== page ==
Unspoken – BFI Flare 2024

Reviewer: Maryam Philpott

Writer and Director: Jeremy Borison

A secret history of homosexual persecution on Nazi Germany is the “Unspoken” of Jeremy Borison’s new film screening at BFI Flare 2024 as the grandson of a survivor discovers a secret relationship among some family photographs following the death of his grandad. Blending into a sweet coming-of-age comedy set in a school, past and the present align when Noam falls for his history project partner Jonah. Borison creates an interesting sense of concealment and inquiry as his teenage characters learn more about their Jewish past and their growing feelings for one another.

In the days before his sister’s wedding, Noam finds a letter and a photograph implying his grandfather may have had a relationship with a mysterious man named ‘M’ before leaving Germany for America. With parents and teachers closing down any discussion of homosexuality, Noam teams up with fellow student Jonah to track down official Holocaust records and find out who M might be. But his final weeks at school also prove revelatory for Noam’s own sexuality.

Unspoken is a nicely paced 90-minute film that creates its context nicely, building the pressures on Noam to conform and his growing detachment from those expectations as he finds his own path. With a wedding and a recent death as the backdrop to this story, there are convincing reasons for family secrets to emerge as groups of people come together to celebrate and undertake religious rituals, reinforcing the traditions that Noam is expected to uphold.

Borison takes this into the schoolroom with a complex friendship group including a potential girlfriend that provides plenty of scope for hurt and further confusion between them which is well explained. The initial respect between Noam and Jonah develops well into something a little more personal, and although Borison holds back on giving them a full-blown rom com ending, the focus on Noam’s own self-discovery is well managed.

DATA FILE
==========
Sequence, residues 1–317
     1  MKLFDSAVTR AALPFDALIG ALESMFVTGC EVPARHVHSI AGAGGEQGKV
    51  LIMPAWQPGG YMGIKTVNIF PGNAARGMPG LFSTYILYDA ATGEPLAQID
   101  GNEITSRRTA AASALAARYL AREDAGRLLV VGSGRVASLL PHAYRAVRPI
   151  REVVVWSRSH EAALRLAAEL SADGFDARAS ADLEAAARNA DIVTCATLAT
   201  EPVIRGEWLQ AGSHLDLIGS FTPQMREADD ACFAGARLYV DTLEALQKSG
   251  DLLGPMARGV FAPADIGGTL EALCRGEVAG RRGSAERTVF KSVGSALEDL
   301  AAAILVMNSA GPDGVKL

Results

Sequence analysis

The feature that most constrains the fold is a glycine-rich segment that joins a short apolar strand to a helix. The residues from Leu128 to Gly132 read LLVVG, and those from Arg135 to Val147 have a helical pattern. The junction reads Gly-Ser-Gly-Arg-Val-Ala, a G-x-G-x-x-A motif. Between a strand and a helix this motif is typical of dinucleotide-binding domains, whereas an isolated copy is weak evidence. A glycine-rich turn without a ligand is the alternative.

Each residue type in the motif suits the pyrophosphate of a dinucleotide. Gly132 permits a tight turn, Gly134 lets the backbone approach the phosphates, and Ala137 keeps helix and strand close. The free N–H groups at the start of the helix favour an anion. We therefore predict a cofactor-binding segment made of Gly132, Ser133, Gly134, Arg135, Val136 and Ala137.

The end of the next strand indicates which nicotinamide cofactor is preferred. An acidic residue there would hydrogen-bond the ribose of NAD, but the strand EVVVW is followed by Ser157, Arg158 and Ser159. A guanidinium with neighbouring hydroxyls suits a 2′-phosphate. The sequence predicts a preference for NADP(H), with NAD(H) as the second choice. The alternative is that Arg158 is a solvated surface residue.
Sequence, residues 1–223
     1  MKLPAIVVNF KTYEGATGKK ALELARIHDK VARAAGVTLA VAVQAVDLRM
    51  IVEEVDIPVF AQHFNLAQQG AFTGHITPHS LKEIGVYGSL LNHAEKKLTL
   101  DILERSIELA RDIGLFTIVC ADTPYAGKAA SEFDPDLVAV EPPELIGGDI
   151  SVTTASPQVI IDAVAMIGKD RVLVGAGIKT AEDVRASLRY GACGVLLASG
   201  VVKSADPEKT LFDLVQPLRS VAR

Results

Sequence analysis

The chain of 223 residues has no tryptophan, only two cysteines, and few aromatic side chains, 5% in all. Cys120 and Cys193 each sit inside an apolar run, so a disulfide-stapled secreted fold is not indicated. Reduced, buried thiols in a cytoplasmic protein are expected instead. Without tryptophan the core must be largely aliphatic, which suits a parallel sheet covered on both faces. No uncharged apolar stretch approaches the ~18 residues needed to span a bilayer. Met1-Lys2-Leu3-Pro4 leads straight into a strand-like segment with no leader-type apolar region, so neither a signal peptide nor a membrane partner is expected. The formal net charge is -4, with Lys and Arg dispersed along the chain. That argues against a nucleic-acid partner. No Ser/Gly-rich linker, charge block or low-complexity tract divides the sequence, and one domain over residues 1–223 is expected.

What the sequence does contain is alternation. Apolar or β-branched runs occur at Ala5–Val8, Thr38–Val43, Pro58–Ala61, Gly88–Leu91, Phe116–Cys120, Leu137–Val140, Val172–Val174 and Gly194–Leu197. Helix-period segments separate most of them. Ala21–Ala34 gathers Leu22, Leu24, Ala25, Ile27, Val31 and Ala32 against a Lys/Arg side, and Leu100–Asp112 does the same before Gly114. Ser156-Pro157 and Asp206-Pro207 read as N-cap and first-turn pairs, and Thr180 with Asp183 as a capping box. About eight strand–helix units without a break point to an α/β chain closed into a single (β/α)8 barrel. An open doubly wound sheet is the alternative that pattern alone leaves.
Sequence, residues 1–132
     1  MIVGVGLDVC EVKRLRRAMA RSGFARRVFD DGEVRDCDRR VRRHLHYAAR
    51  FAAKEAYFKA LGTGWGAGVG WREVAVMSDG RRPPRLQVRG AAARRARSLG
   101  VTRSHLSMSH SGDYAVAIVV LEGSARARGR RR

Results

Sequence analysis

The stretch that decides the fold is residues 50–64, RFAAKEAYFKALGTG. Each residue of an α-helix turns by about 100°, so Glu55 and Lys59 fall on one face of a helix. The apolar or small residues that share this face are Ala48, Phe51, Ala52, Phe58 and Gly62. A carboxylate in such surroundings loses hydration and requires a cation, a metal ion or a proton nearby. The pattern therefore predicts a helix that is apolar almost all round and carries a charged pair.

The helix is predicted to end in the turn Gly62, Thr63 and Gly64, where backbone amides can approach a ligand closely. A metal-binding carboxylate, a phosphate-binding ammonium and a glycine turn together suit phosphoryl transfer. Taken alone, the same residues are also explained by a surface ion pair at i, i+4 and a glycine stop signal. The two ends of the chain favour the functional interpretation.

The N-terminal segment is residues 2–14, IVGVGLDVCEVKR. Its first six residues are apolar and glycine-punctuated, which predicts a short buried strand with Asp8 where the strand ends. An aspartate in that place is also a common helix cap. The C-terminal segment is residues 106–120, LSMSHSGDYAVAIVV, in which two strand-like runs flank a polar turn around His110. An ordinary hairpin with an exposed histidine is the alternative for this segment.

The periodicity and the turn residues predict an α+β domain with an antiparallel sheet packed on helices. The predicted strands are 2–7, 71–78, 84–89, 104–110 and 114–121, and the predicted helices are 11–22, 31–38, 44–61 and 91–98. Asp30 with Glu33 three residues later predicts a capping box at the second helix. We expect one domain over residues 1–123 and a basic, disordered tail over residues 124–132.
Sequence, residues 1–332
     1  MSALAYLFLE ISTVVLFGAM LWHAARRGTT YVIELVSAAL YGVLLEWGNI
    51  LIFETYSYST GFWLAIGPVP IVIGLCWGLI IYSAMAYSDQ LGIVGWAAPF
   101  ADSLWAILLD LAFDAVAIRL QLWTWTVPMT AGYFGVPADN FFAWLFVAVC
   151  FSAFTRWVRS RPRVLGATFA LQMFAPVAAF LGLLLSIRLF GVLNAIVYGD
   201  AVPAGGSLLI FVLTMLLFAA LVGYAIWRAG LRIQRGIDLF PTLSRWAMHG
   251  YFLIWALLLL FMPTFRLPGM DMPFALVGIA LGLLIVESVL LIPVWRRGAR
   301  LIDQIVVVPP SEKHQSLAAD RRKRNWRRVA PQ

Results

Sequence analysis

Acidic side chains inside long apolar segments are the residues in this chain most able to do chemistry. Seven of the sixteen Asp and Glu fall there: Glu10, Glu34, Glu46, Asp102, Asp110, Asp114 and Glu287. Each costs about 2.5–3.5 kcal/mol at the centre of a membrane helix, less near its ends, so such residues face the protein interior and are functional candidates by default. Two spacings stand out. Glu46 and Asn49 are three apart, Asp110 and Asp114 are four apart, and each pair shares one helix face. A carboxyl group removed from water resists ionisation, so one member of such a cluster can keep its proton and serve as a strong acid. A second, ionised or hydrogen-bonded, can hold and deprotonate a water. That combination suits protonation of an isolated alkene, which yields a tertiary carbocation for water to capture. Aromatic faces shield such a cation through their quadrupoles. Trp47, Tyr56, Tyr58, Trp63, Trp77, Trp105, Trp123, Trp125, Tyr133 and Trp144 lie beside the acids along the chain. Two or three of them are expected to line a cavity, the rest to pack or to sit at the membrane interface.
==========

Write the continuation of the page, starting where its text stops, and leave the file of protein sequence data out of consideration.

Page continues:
Charlie Korman is a likeable lead, mostly blundering his way through friendships, love and teenage angst about who he wants to be. There is an innocence to Noam which is very sympathetic as his eyes are widened not only to the possibilities of sexuality but also by understanding more about the hidden narratives within his family and his religious community. Michael Zap has less to do as Jonah but just be smart and adored but Korman and Zap have a winning chemistry, while Liz Richman is excellent as Miriam treading a painful line between hopeful love interest and crushed rejection.

Unspoken doesn’t offer up any major plot surprises, certainly in the teenage love story as the characters overcome obstacles and their own self-doubt to discover what they want, but there is some comfort in the inevitable sweetness, and Borison’s scenario makes for an interesting twist on this reassuring genre.

Unspoken is screening at BFI Flare 2024 from 13-24 March.

The Reviews Hub Score:


Show More
Photo of The Reviews Hub - Film

The Reviews Hub - Film

The Reviews Hub Film Team is under the editorship of Maryam Philpott.

Related Articles

Back to top button
The Reviews Hub